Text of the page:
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Publication numberUS7862262 B2
Publication typeGrant
Application numberUS 11/678,147
Publication dateJan 4, 2011
Filing dateFeb 23, 2007
Priority dateFeb 23, 2007
Fee statusPaid
Also published asCA2619108A1, US20080206000
Publication number11678147, 678147, US 7862262 B2, US 7862262B2, US-B2-7862262, US7862262 B2, US7862262B2
InventorsIoan Sasu, Bertrand Turcotte
Original AssigneePratt & Whitney Canada Corp.
Export CitationBiBTeX, EndNote, RefMan
External Links: USPTO, USPTO Assignment, Espacenet
Multi-flute ball endmill for airfoil machining
US 7862262 B2
Abstract
A milling cutter comprises a shank section joined to a cutting section. The cutting section includes a plurality of peripheral teeth separated by a plurality of flutes to form cutting edges extending around the cutting section in a helix direction. The number of respective teeth and flutes is more than 12.
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Claims(8)
The invention claimed is:
1. A milling cutter adapted to rotate about a longitudinal axis thereof during a milling operation, the milling cutter comprising a shank section joined to a cutting section, the cutting section being substantially tapered, having a varying transverse cross section diminishing from the shank section to an end of the cutting section, the cutting section including a hard metal body with a plurality of peripheral cutting teeth substantially equally spaced by a plurality of radially concavely curved flutes, the peripheral teeth and flutes extending in a helical direction around the cutting section, each of the peripheral cutting teeth having a rake face, a cutting edge, a land and a clearing face, the rake face extending from the cutting edge toward, and being smoothly connected with, a concavely curved bottom of an adjacent flute, each cutting edge being defined on a circular periphery of the hard metal body, the number of flutes being greater than 14.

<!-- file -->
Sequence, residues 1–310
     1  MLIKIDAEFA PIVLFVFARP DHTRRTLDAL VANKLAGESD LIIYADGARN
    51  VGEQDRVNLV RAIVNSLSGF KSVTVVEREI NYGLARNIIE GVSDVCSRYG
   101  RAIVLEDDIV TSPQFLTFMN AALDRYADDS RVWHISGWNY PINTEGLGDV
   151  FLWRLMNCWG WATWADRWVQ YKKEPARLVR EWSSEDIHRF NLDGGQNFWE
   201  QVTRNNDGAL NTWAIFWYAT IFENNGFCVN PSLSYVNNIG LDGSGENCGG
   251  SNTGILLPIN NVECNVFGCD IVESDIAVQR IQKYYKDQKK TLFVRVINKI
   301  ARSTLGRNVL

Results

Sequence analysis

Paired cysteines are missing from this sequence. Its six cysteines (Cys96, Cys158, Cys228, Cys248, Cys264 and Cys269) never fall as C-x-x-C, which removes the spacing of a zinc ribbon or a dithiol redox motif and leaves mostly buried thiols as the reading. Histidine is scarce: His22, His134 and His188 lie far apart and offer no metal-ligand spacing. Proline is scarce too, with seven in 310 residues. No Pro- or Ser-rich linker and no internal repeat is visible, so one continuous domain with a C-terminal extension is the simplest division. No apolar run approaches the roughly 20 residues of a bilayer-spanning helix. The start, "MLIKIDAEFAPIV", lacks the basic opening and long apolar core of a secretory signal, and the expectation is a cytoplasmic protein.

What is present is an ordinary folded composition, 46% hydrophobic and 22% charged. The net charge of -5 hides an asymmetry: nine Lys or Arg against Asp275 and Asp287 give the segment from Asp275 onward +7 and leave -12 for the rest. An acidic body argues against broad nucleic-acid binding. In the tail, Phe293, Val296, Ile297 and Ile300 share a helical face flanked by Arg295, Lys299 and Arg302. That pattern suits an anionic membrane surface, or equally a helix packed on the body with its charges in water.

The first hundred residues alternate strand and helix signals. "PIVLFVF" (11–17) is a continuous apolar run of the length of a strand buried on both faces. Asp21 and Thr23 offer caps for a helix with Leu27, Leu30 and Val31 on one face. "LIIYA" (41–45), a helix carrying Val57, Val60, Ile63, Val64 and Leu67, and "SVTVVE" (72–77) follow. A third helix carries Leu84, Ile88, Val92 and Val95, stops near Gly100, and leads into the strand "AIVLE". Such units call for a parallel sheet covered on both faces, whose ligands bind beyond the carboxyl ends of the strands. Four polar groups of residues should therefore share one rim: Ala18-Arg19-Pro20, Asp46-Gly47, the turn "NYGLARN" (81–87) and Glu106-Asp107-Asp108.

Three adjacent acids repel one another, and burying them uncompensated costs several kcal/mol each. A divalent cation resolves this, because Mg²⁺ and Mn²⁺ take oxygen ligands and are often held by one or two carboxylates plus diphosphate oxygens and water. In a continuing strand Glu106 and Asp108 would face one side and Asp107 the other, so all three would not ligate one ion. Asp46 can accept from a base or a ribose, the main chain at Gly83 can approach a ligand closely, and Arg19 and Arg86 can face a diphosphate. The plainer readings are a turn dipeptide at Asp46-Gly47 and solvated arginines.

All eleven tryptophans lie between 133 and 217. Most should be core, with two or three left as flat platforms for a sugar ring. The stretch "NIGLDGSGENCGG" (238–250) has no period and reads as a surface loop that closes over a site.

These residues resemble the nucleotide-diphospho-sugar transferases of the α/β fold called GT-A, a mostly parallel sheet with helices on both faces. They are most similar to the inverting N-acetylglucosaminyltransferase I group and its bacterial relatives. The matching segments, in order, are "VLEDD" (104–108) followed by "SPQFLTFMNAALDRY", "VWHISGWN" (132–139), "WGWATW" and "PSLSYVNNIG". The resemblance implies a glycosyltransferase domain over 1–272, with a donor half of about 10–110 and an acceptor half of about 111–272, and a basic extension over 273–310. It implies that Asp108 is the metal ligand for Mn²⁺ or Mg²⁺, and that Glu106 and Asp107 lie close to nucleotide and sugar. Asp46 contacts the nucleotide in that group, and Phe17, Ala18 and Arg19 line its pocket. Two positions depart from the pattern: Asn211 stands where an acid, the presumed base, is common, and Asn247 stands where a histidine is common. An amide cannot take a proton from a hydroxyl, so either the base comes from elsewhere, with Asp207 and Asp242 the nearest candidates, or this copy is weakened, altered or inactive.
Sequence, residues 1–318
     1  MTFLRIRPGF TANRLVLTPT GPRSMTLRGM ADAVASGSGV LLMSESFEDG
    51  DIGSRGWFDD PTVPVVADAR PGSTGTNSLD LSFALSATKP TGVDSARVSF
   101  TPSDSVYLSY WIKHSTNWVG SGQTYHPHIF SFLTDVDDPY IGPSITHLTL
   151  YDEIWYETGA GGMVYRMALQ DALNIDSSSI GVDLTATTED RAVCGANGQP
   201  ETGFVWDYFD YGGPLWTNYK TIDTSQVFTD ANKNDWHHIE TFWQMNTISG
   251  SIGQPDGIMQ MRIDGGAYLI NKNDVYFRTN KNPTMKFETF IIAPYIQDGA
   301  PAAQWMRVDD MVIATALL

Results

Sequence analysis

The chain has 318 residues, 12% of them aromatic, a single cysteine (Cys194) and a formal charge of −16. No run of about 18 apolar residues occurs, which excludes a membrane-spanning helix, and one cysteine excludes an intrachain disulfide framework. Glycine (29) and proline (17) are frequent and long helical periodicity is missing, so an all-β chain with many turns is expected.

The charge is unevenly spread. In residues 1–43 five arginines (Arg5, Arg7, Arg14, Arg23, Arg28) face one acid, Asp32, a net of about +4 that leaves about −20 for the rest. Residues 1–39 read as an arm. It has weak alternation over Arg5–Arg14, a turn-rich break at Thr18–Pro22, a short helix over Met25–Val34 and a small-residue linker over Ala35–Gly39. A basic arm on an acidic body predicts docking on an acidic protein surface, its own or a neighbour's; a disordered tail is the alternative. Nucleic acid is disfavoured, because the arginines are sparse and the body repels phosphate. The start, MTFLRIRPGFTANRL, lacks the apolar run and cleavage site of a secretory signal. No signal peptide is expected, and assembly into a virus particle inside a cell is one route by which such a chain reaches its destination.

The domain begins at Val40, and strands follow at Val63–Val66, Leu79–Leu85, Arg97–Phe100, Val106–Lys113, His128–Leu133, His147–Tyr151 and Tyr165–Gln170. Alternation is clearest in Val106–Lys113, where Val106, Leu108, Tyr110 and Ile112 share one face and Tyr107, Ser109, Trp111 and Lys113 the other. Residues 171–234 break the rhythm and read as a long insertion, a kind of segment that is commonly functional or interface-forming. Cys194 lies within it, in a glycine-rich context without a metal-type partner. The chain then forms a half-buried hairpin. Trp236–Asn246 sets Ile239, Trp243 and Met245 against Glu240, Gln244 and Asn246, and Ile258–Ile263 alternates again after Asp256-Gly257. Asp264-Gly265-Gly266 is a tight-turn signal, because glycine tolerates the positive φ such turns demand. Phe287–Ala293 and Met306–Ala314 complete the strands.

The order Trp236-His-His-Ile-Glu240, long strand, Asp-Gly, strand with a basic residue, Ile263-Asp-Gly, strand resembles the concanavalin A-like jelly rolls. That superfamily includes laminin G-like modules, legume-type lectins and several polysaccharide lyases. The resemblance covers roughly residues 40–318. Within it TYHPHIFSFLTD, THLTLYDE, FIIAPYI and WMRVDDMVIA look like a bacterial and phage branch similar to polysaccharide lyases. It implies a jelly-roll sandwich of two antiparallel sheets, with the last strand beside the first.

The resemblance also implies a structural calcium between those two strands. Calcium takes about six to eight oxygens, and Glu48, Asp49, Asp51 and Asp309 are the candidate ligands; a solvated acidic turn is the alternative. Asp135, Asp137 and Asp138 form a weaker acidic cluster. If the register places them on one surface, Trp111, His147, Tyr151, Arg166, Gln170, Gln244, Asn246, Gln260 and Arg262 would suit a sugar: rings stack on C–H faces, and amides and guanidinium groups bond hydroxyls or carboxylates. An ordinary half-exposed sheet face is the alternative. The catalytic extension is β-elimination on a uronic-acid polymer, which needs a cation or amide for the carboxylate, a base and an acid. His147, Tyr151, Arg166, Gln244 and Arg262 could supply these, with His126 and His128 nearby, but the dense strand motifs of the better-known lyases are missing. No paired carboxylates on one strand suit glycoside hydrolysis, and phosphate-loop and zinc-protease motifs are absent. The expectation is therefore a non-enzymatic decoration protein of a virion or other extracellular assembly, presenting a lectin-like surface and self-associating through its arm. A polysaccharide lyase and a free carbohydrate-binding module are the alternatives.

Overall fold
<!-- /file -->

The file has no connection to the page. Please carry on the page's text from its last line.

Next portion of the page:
2. The milling cutter as defined in claim 1 wherein the shank section is substantially cylindrical.
3. The milling cutter as defined in claim 1 wherein the cutting section is substantially cylindrical.
4. The milling cutter as defined in claim 1 wherein the cutting section comprises a ball end thereof.
5. The milling cutter as defined in claim 1 wherein each of the peripheral cutting teeth comprises at least one groove, the groove interrupting the continuity of the cutting edge of the peripheral cutting tooth.